The tourism industry is given great attention from His Majesty King Abdullah the second himself and the government, because it constitutes around 12 percent of GDP and it’s been increasing in the past few years, aiming at around 15 percent within the next three years. Therefore, the Ministry of Tourism and Antiquities, the Jordan Tourism Board (JTB), Jordan Inbound Tour Operators Association and other stakeholders cooperate and coordinate to try and come up with strategies regarding each governorate and eventually the whole of Jordan. The Aqaba Special Economic Zone Authority has agreements for cheap flights directly to Aqaba, moreover large tourist ships arrive to Aqaba regularly. Digital is having a big impact, for example, user generated content on various social media platforms (Facebook, Instagram, Twitter, Snapchat), and the use of online booking platforms to plan various itineraries and explore travel options (Expedia,, Skyscanner, is rising. Airbnb has drastically reduced that cost of accommodations and facilitated longer stays at a destination, while Uber and Careem have made it easier to get around at a fixed price, reducing the chance of being overcharged.

Are there any plans or projects in the pipeline that you wish to highlight?
At this point in time, the JTB is currently working on the development of its new website. This website will be more interactive and provide visitors with all of the information they need to make the most of their time in Jordan. The Meaningful Travel Maps of Jordan is also a very exciting project as it provides tourists with the opportunity to engage in tourist experiences that give back to the local community. Sustainable tourism is currently very important to travellers as they are looking for unique experiences to add to the more traditional tourism itineraries.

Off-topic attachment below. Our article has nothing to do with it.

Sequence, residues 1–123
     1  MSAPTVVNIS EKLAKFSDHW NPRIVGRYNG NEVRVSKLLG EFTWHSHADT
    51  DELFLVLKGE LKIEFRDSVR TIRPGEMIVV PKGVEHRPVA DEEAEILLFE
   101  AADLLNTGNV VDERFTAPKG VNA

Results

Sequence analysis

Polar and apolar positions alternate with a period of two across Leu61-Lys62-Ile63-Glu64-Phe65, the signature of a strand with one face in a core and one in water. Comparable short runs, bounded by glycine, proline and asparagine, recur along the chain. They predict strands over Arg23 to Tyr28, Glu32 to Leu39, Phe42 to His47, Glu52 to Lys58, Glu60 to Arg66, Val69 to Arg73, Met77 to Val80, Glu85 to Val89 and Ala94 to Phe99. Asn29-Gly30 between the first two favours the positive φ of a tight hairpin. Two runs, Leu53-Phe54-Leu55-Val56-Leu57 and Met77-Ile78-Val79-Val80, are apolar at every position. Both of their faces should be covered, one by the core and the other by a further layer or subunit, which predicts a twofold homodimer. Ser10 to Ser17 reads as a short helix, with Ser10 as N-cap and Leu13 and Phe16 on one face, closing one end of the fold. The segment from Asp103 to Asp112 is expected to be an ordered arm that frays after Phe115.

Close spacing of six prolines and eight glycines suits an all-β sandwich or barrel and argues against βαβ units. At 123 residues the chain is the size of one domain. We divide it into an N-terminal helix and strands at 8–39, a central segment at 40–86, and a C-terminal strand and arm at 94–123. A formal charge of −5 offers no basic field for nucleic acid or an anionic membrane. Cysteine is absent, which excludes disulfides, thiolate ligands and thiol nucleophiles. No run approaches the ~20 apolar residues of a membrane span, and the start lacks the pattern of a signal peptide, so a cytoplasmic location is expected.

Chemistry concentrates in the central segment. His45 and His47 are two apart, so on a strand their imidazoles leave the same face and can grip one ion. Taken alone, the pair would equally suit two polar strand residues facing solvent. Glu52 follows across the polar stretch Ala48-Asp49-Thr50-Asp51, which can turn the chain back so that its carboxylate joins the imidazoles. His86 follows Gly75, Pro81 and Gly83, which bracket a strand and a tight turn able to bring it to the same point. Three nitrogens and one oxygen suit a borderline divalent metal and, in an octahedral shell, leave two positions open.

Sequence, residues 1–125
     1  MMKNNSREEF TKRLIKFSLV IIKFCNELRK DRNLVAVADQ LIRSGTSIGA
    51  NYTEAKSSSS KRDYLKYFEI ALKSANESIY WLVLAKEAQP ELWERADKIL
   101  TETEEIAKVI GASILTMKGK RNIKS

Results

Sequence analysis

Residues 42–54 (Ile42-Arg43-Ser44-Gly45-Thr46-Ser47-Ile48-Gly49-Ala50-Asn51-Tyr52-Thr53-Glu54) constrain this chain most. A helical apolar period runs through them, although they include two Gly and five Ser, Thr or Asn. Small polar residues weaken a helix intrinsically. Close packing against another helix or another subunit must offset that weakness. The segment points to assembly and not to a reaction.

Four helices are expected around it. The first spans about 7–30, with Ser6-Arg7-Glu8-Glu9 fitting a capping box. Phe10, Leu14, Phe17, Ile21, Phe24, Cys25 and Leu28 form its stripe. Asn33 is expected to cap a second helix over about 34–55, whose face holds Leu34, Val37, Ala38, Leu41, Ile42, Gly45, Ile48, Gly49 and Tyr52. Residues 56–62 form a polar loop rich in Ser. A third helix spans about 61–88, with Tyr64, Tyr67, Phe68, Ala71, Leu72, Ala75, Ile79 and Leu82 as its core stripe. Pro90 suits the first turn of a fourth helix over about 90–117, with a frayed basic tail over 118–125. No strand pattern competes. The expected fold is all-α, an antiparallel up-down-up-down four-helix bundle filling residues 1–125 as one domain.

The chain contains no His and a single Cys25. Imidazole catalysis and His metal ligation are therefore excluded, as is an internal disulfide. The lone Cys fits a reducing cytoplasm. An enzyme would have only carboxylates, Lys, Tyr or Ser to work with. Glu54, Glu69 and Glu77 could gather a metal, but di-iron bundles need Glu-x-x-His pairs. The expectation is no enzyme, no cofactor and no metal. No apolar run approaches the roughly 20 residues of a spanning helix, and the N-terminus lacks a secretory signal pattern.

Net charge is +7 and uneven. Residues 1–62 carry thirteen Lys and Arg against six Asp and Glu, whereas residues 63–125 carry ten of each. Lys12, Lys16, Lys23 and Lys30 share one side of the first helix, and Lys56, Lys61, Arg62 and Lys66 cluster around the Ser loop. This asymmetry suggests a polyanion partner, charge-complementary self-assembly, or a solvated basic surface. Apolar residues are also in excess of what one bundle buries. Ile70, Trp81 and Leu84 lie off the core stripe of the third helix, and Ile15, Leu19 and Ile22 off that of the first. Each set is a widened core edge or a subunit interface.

Are you optimistic about the future of the business travel and tourism industry in Jordan?
I am very optimistic when it comes to travel and tourism. MICE will be an important part of the JTB strategy for the coming years. There are a couple of very large international conferences which will be held in Jordan in 2019, one of them being the Middle East African Council of Ophthalmology Conference .As for the tourism industry in general, specifically knowing that the last three years have had good increases in numbers, I am also optimistic. Major attractions are seeing steady increases in visitors numbers.

Outlook Recommends 

Catering to business and leisure travellers alike, the Crowne Plaza Amman is in very close proximity and within walking distance of the main shopping area of Sweifiyeh, as well as the popular Gold Souk of Um Utheina and only 10 minutes from Amman's Citadel, Roman Theater and Souq Jara. It is the closest five-star hotel to Queen Alia International Airport, which is around 35 minutes away. The hotel also boasts a 24-hour business centre. 


Getting There and Around

Getting between cities in Jordan is best done by car, which also allows visitors to enjoy some scenic routes. There is one domestic route served by air, with daily flights being offered between Amman and Aqaba, cities which are also connected by a non-stop coach.  National airline Royal Jordanian is a reliable choice and a carrier which serves most major cities in Europe and all capitals in the Middle East. Royal Wings, a subsidiary of Royal Jordanian, offers more expensive charter flights on smaller planes. 

The two largest cities in Jordan, Amman and Irbid, have efficient and cost-effective local bus networks, with public minibuses being the most popular way of getting around, although these only tend to depart once they are full and can sometimes be crowded.  Depending on the time of year, navigating cities by bicycle may be the best bet for speed, cost and flexibility. In terms of getting in and out of Jordan, Queen Alia International Airport, about 35 kilometres south of Amman, is the country’s main gateway and one which has been recently refurbished.